Diocese seeks court OK for claims fund

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The Roman Catholic Diocese of Rochester is asking for bankruptcy court approval for its parishes to put money into a fund to settle sex-abuse claims filed in the Boy Scouts of America’s separately filed Chapter 11 bankruptcy.

What affect such a contribution might have on the diocese’s own ongoing bankruptcy is not clear.

A request submitted to the Western District of New York Bankruptcy Court’s Rochester Division by the diocese Oct. 10 asks the court to allow the Rochester diocese to opt in to a fund that would go to settle claims in the bankruptcy the BSA filed in February 2020 in Delaware.

The Rochester diocese filing does not portray its parishes’ contribution to the fund as a done deal but asks for the court’s go-ahead should it decide to opt in to the BSA fund.

“The diocese respectfully submits that it would be a sound business decision to opt

in to the BSA Plan, should the Diocese decide to do so,” the diocese’s Oct. 10 motion states. 

The BSA filed its Chapter 11 petition some five months after the Rochester diocese sought court protection against its own flood of CVA claims. The Boy Scouts’ bankruptcy potentially involves the Rochester diocese in instances where claimants in the BSA case are seeking redress for abuse they allege to have suffered in Boy Scout troops sponsored by Rochester diocese churches.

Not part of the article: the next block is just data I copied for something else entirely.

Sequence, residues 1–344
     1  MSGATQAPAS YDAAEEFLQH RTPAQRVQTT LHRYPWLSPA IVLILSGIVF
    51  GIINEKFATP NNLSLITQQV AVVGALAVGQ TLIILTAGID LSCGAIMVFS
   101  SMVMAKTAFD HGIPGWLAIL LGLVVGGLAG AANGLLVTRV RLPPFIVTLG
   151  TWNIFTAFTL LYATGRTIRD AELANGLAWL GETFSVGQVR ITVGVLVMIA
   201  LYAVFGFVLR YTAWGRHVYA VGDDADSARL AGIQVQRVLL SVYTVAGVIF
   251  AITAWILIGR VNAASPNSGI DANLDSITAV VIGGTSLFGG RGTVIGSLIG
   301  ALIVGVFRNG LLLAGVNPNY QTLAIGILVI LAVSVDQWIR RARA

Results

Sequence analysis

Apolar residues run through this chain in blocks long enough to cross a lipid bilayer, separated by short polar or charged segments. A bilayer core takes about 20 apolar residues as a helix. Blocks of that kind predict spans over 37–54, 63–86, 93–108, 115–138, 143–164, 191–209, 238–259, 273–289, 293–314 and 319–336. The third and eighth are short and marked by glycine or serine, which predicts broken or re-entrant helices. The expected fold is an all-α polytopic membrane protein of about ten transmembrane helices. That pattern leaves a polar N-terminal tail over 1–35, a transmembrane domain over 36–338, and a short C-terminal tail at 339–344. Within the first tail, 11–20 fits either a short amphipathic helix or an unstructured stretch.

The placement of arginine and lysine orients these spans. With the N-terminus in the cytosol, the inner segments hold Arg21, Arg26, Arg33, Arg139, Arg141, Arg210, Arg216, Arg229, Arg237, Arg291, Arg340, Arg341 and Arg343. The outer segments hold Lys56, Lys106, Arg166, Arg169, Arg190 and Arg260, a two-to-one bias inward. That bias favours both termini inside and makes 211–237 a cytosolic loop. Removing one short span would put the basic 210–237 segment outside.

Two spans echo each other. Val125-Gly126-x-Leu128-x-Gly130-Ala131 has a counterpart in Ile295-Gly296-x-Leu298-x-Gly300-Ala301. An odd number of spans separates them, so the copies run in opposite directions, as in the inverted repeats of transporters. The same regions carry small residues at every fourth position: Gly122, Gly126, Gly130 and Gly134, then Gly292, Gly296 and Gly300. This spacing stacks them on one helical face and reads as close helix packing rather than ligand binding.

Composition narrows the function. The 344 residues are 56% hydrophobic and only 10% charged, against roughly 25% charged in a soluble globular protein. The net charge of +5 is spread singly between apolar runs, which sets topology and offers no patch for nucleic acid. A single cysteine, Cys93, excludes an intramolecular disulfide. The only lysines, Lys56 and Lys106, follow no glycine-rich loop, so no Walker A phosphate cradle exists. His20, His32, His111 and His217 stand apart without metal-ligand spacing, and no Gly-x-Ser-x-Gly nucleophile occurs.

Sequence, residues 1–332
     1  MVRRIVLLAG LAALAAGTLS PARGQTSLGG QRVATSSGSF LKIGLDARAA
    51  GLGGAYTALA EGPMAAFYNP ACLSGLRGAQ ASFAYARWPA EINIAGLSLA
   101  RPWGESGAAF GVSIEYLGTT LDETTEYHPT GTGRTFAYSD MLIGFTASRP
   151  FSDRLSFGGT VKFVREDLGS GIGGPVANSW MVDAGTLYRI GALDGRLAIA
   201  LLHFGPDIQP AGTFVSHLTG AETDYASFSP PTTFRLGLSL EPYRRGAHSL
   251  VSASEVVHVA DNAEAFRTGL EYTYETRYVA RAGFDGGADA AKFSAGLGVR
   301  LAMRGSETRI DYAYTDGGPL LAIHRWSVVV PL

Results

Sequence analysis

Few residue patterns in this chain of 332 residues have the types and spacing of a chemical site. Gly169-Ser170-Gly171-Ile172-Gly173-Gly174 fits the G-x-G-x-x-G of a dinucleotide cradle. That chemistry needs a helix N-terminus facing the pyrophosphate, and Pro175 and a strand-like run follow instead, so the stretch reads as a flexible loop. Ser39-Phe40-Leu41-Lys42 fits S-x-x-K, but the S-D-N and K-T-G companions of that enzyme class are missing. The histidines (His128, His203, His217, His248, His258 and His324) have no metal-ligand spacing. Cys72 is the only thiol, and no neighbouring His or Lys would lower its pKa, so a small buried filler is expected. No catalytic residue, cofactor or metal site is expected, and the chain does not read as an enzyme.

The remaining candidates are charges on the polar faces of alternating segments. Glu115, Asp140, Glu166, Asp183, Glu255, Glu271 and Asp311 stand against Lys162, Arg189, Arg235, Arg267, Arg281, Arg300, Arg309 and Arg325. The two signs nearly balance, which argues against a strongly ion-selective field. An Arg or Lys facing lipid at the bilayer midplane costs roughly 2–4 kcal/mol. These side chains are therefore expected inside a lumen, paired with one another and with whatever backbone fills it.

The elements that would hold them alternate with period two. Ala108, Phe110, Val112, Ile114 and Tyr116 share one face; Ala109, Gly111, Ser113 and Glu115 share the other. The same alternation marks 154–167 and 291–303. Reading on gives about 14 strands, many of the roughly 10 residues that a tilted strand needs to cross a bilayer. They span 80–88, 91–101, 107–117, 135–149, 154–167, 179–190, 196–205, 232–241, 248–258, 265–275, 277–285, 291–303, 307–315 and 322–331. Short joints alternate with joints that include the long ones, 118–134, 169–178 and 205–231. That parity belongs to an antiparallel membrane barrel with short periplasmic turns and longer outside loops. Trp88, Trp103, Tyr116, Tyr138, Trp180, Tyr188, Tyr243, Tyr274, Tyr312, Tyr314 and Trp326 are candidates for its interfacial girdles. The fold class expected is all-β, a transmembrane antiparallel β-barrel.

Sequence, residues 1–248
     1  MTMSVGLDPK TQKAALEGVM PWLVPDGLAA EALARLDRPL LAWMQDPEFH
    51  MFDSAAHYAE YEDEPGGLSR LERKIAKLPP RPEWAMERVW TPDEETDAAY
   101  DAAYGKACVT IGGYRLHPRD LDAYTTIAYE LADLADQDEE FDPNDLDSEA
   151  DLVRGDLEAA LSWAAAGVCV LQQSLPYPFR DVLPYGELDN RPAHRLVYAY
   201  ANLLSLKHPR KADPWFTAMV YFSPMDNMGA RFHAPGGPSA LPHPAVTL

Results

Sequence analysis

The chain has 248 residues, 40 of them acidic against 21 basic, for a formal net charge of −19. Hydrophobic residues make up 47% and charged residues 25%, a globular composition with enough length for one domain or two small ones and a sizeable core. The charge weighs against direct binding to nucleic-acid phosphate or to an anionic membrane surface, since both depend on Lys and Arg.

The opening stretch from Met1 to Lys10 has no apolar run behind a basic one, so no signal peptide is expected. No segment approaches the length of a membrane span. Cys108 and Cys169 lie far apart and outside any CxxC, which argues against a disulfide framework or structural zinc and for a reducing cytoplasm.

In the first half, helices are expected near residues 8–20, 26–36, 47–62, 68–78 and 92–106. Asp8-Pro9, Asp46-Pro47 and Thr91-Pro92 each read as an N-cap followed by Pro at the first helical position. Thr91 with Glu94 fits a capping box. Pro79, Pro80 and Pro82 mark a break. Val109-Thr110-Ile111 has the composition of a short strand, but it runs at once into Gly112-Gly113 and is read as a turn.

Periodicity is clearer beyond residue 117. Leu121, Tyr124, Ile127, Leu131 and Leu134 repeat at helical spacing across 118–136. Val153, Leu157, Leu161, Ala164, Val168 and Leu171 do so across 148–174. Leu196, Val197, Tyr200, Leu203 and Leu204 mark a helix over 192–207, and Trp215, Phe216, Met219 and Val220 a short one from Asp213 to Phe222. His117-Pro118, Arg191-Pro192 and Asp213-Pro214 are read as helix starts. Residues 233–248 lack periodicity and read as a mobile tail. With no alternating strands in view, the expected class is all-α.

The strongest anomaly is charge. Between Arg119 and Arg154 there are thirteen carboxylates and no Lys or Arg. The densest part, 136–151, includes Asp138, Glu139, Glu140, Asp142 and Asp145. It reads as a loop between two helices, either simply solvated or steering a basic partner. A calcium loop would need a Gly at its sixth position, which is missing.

The Rochester diocese bankruptcy has been in a holding pattern for several years as the diocese, a special committee representing some 400 abuse survivors and insurers that the diocese hopes will cover most the $100 million or more it expects to pay out attempt to negotiate a deal acceptable to all parties. While those talks go on, what shape such a deal might take is unknown.

While church law sees parishes as an inseparable part of each diocese, Catholic dioceses in New York, including the Rochester diocese, legally registered each of their parishes as independent corporations. Each legally independent parish corporation is headed by and answerable to its diocese’s bishop.

That legal arrangement means that the Rochester diocese’s parishes are not parties to the diocese’s bankruptcy, which in turn leaves as unsettled questions whether or how much the Rochester diocese’s parishes might contribute to settle the diocese’s own bankruptcy.

The BSA’s plan calls for it, local Boy Scout councils and insurance companies to contribute approximately $2.6 billion to a fund to pay abuse survivors’ claims.

The Rochester diocese’s court papers do not state an amount that the Rochester diocese might contribute to settle BSA claims. The diocese’s filing portrays the effect participation in the BSA fund would have on its own Chapter 11 as “negligible.”

Participation in the fund would satisfy claims Rochester parishes might otherwise individually face in the BSA bankruptcy, the filing states.

Will Astor is Rochester Beacon senior writer. The Beacon welcomes comments from readers who adhere to our comment policy including use of their full, real name.

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